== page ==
Unavailability of plumpy nuts affects treatment of Severe Acute Malnutrition (Kwashiorkor)

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Ms. Joyce Asare Kissi, the Head of the Nutrition Unit at General Hospital, has highlighted the impact of the unavailability of Ready-to-Use Therapeutic Food (RUTF), commonly known as plumpy nuts, on the treatment of Severe Acute Malnutrition (SAM).

The fortified peanut butter-like paste, containing essential macronutrients, is crucial for addressing SAM, also known as ‘kwashiorkor' in Ghana.

In an interview, Ms Kissi explained that the RUTF, previously provided by the Children's Fund (), has become a scarce commodity in recent years.

The General Hospital, a key facility for treating SAM inpatients, now relies on a local company in for an alternative treatment known as ‘Project Peanut Butter.' Unfortunately, even this local alternative is no longer available as the production by the company has ceased.

To address the shortage, Ms. Kissi shared that nutritionists at the Tema General Hospital have resorted to preparing their ready-to-use therapeutic food using the known formulae. However, she emphasized that this approach is costly.

Children suffering from kwashiorkor and under the care of the hospital are fed and treated under the supervision of health officials during admission. For those with other medical conditions, treatment is provided under Inpatient care (IPC), managing both conditions concurrently.

When discharged, the hospital provides the necessary feed for continued treatment. The packaged food and treatment milk is designed for ease of use, with caregivers taking a pack at a time to prevent contamination. Despite the hospital's success in using its therapeutic food, Ms Kissi pointed out that the treatment is not covered by the Scheme (NHIS). As a result, many parents, unable to afford the feed, discontinue treatment after discharge, leading to relapses and, in some cases, fatalities.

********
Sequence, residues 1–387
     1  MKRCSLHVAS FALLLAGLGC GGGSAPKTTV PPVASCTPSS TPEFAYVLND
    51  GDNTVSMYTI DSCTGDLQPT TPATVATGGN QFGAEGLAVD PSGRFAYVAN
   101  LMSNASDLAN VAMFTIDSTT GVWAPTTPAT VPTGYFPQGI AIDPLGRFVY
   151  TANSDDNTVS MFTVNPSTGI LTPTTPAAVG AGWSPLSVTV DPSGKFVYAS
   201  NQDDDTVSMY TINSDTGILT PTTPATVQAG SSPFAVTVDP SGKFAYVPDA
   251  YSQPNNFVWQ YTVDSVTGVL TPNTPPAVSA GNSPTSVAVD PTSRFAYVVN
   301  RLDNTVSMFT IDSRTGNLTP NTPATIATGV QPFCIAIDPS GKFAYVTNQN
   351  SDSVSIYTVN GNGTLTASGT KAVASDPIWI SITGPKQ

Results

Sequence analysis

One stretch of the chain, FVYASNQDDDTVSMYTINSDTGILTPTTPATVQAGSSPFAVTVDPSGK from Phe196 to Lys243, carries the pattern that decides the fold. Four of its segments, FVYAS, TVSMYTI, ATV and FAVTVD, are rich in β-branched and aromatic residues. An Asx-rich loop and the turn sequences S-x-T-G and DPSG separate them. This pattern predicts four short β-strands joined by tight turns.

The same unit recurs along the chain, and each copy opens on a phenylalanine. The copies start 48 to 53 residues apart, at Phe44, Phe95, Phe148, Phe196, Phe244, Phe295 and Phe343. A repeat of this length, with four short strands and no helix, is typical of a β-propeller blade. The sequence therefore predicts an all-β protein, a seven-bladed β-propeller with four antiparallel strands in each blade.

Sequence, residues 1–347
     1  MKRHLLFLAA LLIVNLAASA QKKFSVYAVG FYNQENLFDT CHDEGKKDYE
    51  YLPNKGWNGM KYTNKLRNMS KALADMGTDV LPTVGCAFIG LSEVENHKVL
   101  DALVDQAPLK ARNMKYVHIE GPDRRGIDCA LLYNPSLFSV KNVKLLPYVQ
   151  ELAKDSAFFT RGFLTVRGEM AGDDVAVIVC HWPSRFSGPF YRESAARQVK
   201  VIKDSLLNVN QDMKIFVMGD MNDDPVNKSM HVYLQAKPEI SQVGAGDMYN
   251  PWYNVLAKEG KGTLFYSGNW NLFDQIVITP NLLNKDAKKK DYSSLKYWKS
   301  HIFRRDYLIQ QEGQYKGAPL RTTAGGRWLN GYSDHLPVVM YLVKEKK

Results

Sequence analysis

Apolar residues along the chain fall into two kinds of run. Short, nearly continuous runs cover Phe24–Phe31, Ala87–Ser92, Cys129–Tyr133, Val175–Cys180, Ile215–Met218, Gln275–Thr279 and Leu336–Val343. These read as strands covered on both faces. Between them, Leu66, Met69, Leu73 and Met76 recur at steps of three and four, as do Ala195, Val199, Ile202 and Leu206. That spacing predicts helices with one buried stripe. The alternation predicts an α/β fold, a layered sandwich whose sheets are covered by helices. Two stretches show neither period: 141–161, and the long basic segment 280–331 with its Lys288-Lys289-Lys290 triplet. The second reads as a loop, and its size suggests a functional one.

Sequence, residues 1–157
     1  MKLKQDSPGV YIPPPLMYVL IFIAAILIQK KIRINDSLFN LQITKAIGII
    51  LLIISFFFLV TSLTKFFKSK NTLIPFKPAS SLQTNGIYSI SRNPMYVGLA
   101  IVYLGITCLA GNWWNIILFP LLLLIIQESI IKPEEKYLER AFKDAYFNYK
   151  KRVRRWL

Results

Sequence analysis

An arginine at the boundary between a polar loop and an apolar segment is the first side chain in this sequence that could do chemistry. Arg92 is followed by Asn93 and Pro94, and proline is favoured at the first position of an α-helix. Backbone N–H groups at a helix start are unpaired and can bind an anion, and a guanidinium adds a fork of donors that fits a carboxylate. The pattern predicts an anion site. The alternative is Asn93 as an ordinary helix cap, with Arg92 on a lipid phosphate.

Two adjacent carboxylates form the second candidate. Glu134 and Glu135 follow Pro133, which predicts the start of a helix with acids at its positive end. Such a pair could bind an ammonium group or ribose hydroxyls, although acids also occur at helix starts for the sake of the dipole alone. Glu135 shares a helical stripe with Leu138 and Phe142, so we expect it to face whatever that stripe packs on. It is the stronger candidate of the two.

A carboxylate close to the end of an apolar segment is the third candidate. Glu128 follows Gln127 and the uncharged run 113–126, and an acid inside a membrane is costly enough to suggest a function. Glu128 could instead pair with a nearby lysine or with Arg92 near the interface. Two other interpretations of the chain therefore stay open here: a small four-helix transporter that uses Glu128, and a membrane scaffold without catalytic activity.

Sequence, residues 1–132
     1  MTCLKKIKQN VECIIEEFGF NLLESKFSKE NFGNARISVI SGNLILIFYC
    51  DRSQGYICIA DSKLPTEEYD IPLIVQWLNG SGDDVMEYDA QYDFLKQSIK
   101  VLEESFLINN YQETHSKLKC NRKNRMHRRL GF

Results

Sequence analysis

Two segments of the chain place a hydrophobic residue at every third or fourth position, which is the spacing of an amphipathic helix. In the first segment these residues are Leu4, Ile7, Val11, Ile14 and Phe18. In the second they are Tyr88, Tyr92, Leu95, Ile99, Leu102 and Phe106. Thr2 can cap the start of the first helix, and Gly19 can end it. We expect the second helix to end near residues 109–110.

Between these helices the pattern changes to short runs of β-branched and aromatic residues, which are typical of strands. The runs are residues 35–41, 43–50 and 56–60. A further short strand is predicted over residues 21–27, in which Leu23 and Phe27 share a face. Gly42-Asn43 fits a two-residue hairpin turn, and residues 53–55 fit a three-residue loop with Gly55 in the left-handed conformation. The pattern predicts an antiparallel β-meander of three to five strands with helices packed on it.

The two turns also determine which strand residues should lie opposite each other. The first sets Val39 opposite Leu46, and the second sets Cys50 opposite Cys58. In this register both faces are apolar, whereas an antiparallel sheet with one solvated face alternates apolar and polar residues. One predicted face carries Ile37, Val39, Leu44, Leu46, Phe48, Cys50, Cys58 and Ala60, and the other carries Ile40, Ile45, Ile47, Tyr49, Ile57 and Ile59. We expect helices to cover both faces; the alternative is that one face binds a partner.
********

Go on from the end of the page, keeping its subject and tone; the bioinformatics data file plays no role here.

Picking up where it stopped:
Ms Kissi appealed to the government and the to include SAM treatment in the NHIS, emphasizing the persistent existence of kwashiorkor in Ghana and its developmental challenges for patients. The Tema General Hospital, the sole facility with inpatient care for kwashiorkor treatment in Tema and its environs, encounters an average of two severe acute malnutrition cases per week.

In a plea for support, Ms. Kissi called on organizations and individuals to add the nutrition unit of the Tema General Hospital to their assistance list. The unit specifically needs baby diapers, grains, and children's clothing to aid economically disadvantaged mothers during admission.

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